French Prime Minister Manuel Valls on Wednesday unveils new security measures, including more agents and strict policing of social media. (Pool photo by Philippe Wojazer/European Pressphoto Agency)

Two weeks after the worst attacks on French soil in decades, leaders here announced sweeping measures Wednesday to add more than 2,600 counterterrorism agents and sharply boost funding for intelligence gathering.

The proposals would bolster the capabilities of authorities who already have some of the most extensive counterterrorism powers in Europe, and came as the continent has struggled with a sense of a sharply growing threat from returnees from Islamist conflicts in Syria, Iraq and Yemen. In recent weeks, countries across Europe have detained people they suspect are connected to several alleged attack plots.

Other countries, such as neighboring Belgium, have also said that they would strengthen anti-terrorism forces. There is a rising debate within Europe about whether to build new crime-fighting databases that privacy advocates have long derided as needlessly invasive.

The plan outlined by French Prime Minister Manuel Valls came the same day that French authorities acknowledged that they had intercepted one of the three killers, Amedy Coulibaly, at a routine traffic stop days before the attacks started, but had let him go immediately after. The revelation, first reported by weekly satirical and investigative newspaper Le Canard enchaîné, was sure to raise additional questions about intelligence failures ahead of the attacks. Counterterrorism authorities had extensive contact with all three men, it reported, but determined that they did not pose an immediate threat.

France’s plans do not signal a fundamental change in the country’s counterterrorism strategy. But they do reflect a growing belief in the West and among allies that security forces need to keep pace with evolving terrorist networks that could increasingly include native-born radicals.

The three gunmen suspected of leading the terror campaign were born and raised in France. A total of 17 people were killed in the attacks, which began at satirical newspaper Charlie Hebdo. The gunmen were later killed in simultaneous raids.

“The number of dangerous individuals who might actually launch attacks has been relentlessly increasing in France,” Valls said in a nationally televised address. “This change of scale is a formidable challenge for our country and for our partners, particularly our European partners.”

He said a French counterterrorism registry would be expanded to include about 3,000 people who had been involved in Islamist fighting in Syria and Iraq or were otherwise deemed at risk of radicalization. They will be required to check in closely with security forces about their movements and activities.

Valls said 2,680 new security posts would be created as part of the $493 million effort, which includes providing more tools and technology for monitoring, such as phone-tapping and Internet surveillance.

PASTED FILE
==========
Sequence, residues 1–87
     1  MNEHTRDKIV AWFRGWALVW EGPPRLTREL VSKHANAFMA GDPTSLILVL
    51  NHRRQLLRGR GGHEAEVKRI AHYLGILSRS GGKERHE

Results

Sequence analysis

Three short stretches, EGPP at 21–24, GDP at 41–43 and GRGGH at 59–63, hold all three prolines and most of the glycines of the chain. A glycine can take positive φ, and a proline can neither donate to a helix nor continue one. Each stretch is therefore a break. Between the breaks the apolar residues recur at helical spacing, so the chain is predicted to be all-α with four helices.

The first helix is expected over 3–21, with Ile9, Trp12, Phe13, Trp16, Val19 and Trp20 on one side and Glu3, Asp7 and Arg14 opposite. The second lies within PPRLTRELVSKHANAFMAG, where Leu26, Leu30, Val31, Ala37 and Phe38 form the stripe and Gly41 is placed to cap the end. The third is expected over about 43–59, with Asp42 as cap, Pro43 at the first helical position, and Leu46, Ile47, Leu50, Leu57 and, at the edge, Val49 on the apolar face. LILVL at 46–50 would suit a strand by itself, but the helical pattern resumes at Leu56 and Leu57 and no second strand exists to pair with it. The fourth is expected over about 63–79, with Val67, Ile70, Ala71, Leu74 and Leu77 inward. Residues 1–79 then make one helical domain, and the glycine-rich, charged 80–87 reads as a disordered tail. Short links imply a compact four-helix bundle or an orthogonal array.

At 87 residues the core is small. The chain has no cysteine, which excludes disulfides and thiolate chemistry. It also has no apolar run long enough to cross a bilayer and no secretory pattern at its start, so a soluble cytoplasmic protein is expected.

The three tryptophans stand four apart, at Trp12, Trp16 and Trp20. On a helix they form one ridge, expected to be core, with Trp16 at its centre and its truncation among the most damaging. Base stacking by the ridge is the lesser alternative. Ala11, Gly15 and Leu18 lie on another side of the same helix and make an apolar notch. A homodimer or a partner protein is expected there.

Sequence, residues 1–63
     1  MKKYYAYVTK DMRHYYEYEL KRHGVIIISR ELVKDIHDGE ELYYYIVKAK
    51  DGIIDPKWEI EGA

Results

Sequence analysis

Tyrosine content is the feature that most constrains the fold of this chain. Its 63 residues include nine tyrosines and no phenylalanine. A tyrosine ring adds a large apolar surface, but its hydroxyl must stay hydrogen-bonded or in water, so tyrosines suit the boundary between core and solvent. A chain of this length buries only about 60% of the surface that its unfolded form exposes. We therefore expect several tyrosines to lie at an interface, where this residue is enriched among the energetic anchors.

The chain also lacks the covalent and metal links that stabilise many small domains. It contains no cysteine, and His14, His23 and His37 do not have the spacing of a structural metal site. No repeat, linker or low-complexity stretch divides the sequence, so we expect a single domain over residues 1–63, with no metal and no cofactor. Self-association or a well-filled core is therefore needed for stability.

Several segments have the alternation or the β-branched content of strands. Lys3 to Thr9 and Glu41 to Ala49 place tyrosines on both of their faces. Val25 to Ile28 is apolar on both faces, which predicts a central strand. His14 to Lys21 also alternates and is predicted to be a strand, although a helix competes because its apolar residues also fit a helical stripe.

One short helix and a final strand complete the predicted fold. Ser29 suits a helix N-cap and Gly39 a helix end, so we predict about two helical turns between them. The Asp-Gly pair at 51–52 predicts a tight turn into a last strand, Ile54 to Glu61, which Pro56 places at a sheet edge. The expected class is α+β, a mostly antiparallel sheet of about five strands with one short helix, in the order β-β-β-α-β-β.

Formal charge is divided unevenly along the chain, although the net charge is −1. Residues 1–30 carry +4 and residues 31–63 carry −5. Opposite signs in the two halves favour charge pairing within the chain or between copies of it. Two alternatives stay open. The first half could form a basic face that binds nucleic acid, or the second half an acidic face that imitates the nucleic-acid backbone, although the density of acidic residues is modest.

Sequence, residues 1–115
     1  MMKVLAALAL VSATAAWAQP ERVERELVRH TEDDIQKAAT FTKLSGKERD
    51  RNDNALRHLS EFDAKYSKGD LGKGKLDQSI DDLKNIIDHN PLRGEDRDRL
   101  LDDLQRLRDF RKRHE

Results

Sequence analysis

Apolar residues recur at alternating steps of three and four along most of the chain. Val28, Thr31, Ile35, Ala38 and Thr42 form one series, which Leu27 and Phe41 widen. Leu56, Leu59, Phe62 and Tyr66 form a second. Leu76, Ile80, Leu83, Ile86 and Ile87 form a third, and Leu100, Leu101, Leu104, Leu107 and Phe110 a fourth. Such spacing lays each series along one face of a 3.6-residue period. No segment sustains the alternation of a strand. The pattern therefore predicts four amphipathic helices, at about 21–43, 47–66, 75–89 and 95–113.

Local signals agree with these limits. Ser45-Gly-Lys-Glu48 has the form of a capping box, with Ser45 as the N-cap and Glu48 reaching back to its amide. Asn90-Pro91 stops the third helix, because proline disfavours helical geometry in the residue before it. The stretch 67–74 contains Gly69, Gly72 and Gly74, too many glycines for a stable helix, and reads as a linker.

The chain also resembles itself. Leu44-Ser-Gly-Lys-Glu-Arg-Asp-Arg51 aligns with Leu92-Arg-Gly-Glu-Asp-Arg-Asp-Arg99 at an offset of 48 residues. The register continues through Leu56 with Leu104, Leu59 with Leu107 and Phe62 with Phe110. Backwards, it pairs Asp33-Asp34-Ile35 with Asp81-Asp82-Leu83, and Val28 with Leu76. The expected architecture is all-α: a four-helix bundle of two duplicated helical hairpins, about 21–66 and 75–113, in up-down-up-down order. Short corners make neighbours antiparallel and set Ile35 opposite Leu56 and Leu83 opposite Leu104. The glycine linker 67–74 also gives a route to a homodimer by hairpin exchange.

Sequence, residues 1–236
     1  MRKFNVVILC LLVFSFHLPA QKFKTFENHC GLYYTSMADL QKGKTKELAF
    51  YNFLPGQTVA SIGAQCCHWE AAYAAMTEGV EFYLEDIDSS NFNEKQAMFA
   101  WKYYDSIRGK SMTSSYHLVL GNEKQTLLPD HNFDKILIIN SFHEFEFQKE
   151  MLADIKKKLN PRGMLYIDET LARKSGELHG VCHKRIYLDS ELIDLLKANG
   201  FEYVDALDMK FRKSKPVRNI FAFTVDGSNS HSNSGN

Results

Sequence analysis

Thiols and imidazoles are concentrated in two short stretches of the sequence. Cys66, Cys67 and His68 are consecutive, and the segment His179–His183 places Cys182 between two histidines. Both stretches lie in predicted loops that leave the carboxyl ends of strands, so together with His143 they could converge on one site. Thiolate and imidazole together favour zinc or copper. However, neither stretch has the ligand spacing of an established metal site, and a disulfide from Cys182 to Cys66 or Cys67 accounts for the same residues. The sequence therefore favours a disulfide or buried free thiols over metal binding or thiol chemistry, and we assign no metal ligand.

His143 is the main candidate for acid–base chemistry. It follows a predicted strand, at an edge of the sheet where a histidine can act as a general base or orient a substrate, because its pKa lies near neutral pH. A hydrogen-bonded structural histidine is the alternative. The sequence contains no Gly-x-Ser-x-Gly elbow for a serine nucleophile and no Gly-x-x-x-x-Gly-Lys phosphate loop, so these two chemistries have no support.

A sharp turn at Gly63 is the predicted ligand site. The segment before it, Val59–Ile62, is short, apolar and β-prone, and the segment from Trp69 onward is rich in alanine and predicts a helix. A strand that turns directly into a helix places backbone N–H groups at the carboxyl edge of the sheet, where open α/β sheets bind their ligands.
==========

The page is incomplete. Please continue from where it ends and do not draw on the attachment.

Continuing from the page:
“This effort is absolutely massive, but it is a prerequisite if we are to ensure the safety of the French,” he said.

Lawmakers involved in drafting the law said Wednesday that they are proposing to give French authorities the ability to track the cars of suspects, force foreign social networks to hand over data directly to them and raise the number of warrantless wiretaps currently permitted under French law.

The announcement came as French prosecutors said they had charged four men in relation to Coulibaly’s portion of the attacks that paralyzed the country.

The men are accused of helping him with logistics and weaponry in the shooting of a police officer and a later hostage-taking at a Paris kosher supermarket, which left four people dead.

It was not clear whether the men — three of whom have long criminal records — were connected to the militant ideology behind the attacks or whether they had simply assisted, said Paris Prosecutor Francois Molins.

“We will probably have months of investigation, if not years,” he said.

He outlined a web of connections between the men and Coulibaly, in whose bathroom was found a suitcase stuffed with jihadist materials and a photocopy of a jihadist flag. In line with French law, the men, ages 22 to 28, were identified only as Willy P., Christophe R., Tonino G. and Mickael A.

Molins acknowledged that police had stopped Coulibaly and his common-law wife, Hayat Boumeddiene, in a routine traffic stop Dec. 30 near the Buttes-Chaumont park in Paris where, more than a decade earlier, a jihadist group that included the other attackers did its exercises before some of them went off to fight in Iraq.

When they checked Coulibaly’s name in their database, the police saw that he had been flagged by intelligence officials as “considered dangerous and taking part in the Islamist movement,” Le Canard enchaîné reported. Coulibaly was driving a rental car, and he showed police a driver’s permit dated Dec. 10. Police were to obtain “a maximum of information without drawing the attention of the subject.” The police notified counterterrorism authorities, who did nothing, the newspaper reported.

France repeatedly has strengthened its counterterrorism laws in recent years, including measures seeking to block French citizens from joining fighters abroad.

Other nations have taken similar steps.

Last week, Belgium’s Prime Minister, Charles Michel, said an additional $348 million would be earmarked for strengthening security. He also proposed a range of policies that include making it easier to strip citizenship from Belgians who fight in Syria and elsewhere.

The tougher measures followed a series of raids in Belgium and other countries against suspected terrorist cells plotting attacks against police and other targets. Authorities do not believe there were direct links to the Paris attacks.